July 11, 2008
PARAGUANA, Venezuela -- Venezuela's Hugo Chavez and Colombia's Alvaro Uribe mended relations Friday after months of sniping that threatened trade and unleashed a diplomatic crisis between Latin America's top U.S. opponent and closest U.S. ally.
Chavez, who just months ago called reconciliation impossible, said the talks allowed the two to "completely turn the page after the storm that passed."
"From today on begins a new era," Chavez said after the talks. "We're destined to be together."
The two have repeatedly clashed over their stances toward Colombia's leftist rebels, but Uribe said "we're brothers" and gave Chavez a book about South American independence hero Simon Bolivar.
It was their first one-on-one meeting since August.
Analysts say the two are setting aside their on-and-off feud because each benefits politically from normalized relations. The countries share some $6 billion in annual trade, and the leaders pledged to link the Andean neighbors with a new railway.
Relations sank to their lowest point in decades in March after Colombia attacked a rebel camp in Ecuador. Chavez responded by briefly dispatching troops to the border and temporarily pulling out his ambassador.
Uribe said he hopes relations can be similarly restored with Ecuador's leftist government, and Chavez said he believes it's possible.
"I'm sure President (Rafael) Correa would also be willing _ I think so _ to re-establish direct relations with Colombia as we have," said Chavez, who will visit Ecuador next week.
Chavez reiterated his willingness to help mediate in Colombia's four-decade conflict, but only if invited. "We've tried to help in (Colombia's) internal matters only when it's been asked of us," he said.
During a spat over Chavez's mediation role with rebels earlier this year, the Venezuelan president lashed out at Uribe a "pawn of the U.S. empire" and likened him to a mafia boss.
Colombia, meanwhile, accused Chavez of offering an open-ended loan of at least $250 million to the Revolutionary Armed Forces of Colombia, or FARC _ charges bolstered by documents Colombia said were retrieved from a laptop at the bombed guerrilla camp. Colombian officials also have said Venezuela has long harbored several rebel leaders.
Chavez denies the accusations, and Uribe did not publicly bring them up.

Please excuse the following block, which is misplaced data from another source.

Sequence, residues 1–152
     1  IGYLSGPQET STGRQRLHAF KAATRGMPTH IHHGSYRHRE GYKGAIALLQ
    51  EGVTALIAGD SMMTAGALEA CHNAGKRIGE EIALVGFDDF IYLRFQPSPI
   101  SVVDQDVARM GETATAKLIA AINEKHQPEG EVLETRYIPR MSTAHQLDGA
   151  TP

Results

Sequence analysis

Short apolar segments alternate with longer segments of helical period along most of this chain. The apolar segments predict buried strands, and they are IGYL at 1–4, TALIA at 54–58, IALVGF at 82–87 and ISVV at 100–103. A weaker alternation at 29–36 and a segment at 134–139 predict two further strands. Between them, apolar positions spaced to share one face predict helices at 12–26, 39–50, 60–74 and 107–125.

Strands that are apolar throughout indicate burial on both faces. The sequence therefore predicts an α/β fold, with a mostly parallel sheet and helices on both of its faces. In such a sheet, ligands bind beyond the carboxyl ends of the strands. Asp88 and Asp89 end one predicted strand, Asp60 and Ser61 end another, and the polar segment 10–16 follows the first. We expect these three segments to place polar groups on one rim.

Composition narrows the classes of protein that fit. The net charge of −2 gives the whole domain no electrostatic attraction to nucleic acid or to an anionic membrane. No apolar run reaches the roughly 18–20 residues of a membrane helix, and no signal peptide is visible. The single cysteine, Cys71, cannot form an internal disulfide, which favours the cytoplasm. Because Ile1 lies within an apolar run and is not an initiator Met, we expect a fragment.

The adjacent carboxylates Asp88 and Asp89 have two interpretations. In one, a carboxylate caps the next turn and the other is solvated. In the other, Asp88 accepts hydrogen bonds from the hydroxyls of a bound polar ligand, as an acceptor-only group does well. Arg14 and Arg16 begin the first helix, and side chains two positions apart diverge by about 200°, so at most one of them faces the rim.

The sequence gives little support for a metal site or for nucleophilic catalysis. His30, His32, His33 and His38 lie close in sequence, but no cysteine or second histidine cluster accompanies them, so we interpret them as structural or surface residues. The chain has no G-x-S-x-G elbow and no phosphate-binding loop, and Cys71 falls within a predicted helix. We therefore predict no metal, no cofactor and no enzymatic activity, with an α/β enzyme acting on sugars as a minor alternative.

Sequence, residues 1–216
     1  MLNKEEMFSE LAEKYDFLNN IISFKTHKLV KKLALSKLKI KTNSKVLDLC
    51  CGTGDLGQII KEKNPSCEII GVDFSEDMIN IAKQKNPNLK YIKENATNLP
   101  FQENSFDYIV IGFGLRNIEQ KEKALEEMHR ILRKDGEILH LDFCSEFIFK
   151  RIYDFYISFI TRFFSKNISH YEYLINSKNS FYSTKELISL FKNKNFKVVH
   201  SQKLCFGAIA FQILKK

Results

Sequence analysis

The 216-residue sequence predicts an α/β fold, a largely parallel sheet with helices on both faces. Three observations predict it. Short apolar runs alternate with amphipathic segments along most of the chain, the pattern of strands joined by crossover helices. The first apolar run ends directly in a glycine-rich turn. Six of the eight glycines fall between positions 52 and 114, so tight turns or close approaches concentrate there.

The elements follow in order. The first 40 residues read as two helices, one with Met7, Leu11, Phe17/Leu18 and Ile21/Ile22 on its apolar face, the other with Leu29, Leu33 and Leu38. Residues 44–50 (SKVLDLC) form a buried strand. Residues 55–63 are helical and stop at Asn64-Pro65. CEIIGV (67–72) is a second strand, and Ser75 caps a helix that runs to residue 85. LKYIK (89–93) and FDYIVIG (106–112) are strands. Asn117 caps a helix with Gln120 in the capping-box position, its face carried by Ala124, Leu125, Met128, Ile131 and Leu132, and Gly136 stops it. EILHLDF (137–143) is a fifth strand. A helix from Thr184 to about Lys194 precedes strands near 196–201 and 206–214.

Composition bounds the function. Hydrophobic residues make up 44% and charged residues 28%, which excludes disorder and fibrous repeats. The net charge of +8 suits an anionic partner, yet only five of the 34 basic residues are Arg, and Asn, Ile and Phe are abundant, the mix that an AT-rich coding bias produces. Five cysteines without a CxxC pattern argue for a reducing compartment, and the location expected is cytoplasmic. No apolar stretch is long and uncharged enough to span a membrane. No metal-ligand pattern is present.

"We came out refreshed and relieved," Chavez said after some four hours of talks at the Paraguana oil refining complex.
He pledged cooperation with Colombia in counter-drug efforts.
Chavez made reconciliation easier for Uribe last month when he called on the FARC to disarm _ after previously urging world leaders to consider the FARC a legitimate army of insurgents rather than a terrorist group.
At a news conference Friday, Uribe blamed the rebels for flouting past peace initiatives.
"On many occasions in Colombia, all the conditions for definitive peace have been created (but) the terrorists haven't wanted to," Uribe said. "Many citizens of the world have tried to mediate. ... The answer was more violence."
Uribe said Venezuela and Cuba have helped in talks with rebels of the smaller National Liberation Army, or ELN, but said those rebels responded "without advances toward peace."
Through Chavez's mediation, the FARC freed six hostages earlier this year. The FARC said subsequently that it was finished with unilateral releases, and Colombia's military rescued 15 rebel-held hostages last week in a bold operation that pushed Uribe's popularity to new highs.
"Uribe is strengthened internationally," while "Chavez has realized he was riding the losing horse" and expediently adjusted his stance, said Rafael Nieto, a Colombian analyst and former deputy justice minister.
Adolfo Tayhardat, a Venezuelan analyst, said Uribe is looking to defend Colombian trade while Chavez is aiming to ease conflict and shore up support ahead of state and local elections in November.
The FARC issued a statement Friday condemning what it called the "betrayal" of two guerrillas responsible for holding the 15 hostages freed by Colombian troops, and said it remains open to trading other hostages for imprisoned guerrillas.
Neither leader referred to that statement, and Uribe did not publicly mention any invitation for Chavez to participate in new negotiations.
"What we want now is to be able to have the rest of the 27 hostages who the FARC call 'exchangeables' freed quickly," Uribe said.